Lawrence of Arabia, Restored 50th Anniversary Edition, Blu-ray (1962/2012)
Director: David Lean
Cast: Peter O’Toole, Alec Guiness, Anthony Quinn, Omar Sharif
Music: Maurice Jarre
Studio: Columbia/Sony Pictures 16990 [11/13/12] (2 discs)
Video: 2.35:1 anamorphic/enhanced 1080p HD (70 mm orig.)
Audio: English DTS-HD MA, French or Japanese DD 5.1, English DD. 2.0
Subtitles: English, English SDH, Arabic, Dutch, French, German, Italian, Spanish, Thai, Korian, Japanese
Extras: Multiple commentary tracks, Picture-In-Graphics track, “O’Toole Revisits Lawrence of Arabia,” “The Making of Lawrence of Arabia,” Conversation with Steven Spielberg, “Mann, Jordan: The Camels Are Cast.” “In Search of Lawrence,” “Romance of Arabia,” “Wind, Sand and Star: The Making of a Classic (1970),” Orig. newsreel fottage of the NYC Premiere, Theatrical Advertising Campaigns, Theatrical trailer, two DVD-ROM features (PC only), Interactive map, more
Length: 227 minutes, over 100 min. of extras
OK, another entry for The Greatest Film Ever Made. The most perfect combination of cinematography, story, actors, direction, action, suspense, special effects and music. No wonder it won seven Academy Awards, including Best Picture. Naturally some viewers may feel it’s boring—there’s no sexy women, car chases—that sort of thing. But it’s the epitome of movie storytelling. One film critic compared Lean’s work in Lawrence with James Cameron in Titanic, in the creation of an “intimate epic.” What makes the plot super-engrossing is Lean’s exploration of the odd psychology of Lawrence—his sometimes almost Christ-like image of himself. At one point he asks a reduced band of Arabs, greatly outnumbered by their adversaries, to “walk on the water with me.” My favorite line in the film, however, is when the war correspondent asks Lawrence what it is about the desert that attracts him so much. Lawrence replies, “It’s clean.”
Bear in mind that until now the only way to really properly view Lawrence of Arabia was at a good theater that still projects 65mm films. The detail and resolution of nearly all the screen images is amazing. It didn’t matter if you had a big widescreen display or front projector, the DVDs and even the Blu-rays were basically blurry. Only now has yet a new restoration been done using the latest technical innovations, and a perfect digital version created in the 4K format, which surpasses even 65mm analog film. This transfer was only done for this new Blu-ray—any earlier version and all DVDs use an earlier restoration that was not nearly as hi-res. Details such as Ali first appearing on the desert in the distance or Lawrence first appearing following his rescue of his Arab companion are not visible at all on transfers to optical disc. Don’t bother to pick this up at your library—you probably won’t see it as it should be viewed.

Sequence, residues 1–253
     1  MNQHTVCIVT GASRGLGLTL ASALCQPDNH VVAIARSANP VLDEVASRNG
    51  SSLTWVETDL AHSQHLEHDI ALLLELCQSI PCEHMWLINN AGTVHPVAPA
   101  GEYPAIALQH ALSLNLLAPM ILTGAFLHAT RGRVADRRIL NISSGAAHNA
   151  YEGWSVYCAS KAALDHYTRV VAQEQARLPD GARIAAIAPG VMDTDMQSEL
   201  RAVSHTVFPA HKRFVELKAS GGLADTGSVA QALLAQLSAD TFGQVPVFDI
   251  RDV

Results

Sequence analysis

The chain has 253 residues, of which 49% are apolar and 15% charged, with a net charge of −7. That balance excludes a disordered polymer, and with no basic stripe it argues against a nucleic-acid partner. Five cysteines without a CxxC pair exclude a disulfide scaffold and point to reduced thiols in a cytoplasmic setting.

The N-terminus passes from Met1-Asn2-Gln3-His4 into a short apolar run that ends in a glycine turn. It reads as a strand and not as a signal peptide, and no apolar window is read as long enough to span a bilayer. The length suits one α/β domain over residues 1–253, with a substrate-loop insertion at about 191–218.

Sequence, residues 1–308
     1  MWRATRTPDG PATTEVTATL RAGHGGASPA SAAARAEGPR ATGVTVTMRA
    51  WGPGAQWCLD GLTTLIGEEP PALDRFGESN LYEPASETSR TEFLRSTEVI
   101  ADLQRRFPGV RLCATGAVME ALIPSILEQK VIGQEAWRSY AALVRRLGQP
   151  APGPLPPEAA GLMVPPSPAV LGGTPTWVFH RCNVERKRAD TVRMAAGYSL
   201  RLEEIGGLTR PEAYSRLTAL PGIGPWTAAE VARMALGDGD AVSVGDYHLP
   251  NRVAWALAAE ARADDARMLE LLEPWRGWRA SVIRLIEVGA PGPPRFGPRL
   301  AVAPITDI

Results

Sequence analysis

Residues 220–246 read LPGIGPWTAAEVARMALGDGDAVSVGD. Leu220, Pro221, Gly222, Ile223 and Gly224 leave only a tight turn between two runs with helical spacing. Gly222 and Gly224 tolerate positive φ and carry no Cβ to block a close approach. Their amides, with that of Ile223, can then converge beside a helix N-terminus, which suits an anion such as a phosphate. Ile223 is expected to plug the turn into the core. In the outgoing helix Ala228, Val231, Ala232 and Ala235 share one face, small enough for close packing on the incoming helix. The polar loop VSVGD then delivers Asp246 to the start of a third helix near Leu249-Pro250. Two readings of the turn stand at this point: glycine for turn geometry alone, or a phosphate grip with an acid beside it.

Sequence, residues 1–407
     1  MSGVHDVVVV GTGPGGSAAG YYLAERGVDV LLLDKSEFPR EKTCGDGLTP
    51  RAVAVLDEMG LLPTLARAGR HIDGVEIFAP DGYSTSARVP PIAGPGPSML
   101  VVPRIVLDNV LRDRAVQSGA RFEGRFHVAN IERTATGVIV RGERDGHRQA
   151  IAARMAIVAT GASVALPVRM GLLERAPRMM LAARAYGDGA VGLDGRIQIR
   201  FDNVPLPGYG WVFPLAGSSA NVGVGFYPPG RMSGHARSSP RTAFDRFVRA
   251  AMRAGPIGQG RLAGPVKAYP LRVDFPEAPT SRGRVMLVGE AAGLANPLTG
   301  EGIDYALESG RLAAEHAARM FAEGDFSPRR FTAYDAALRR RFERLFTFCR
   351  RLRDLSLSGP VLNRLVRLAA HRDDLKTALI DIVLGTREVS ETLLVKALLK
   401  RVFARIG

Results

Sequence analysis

By now it’s surely not necessary to detail the story of British lieutenant Lawrence, who in WWI had a boring position in Cairo and somehow developed that into a heroic exploit trying to unite the various tribes in Arabia to battle the Ottoman Turks. The picture quality is fresh and free of all spots and dirt. The DTS surround is superb, and some may be thrown by Lean’s insistence that the optical discs have the same overture and “entracte” music that plays to a dark screen for several minutes prior to both halves of the movie and at the end of both. (The entire film is on the first Blu-ray, nearly using up all the 50MB of space for double-layer Blu-rays. So don’t make the mistake—as I did initially—of looking at all the extras on the second disc and afterwards wondering where the feature was.)
Speaking of the extras, while some of the original ones now look like clips from the 30s or 40s, all are interesting—though there is a tiresome repetition of shots from the feature. The discussion of the major efforts to sweep away the evidence of footsteps on the sand for retakes was fascinating. Spielberg’s talk is worth viewing, and the new documentary “O’Toole Revisits Lawrence of Arabia,” was made especially for this Blu-ray release. There are two DVD-ROM features—which unfortunately are just for use on PCs, not Macs—plus a split-screen gimmick which shows you text descriptions of behind-the-scenes details of the section of the movie you are watching. There are also multiple audio commentary tracks; few would be able to listen to more than one.
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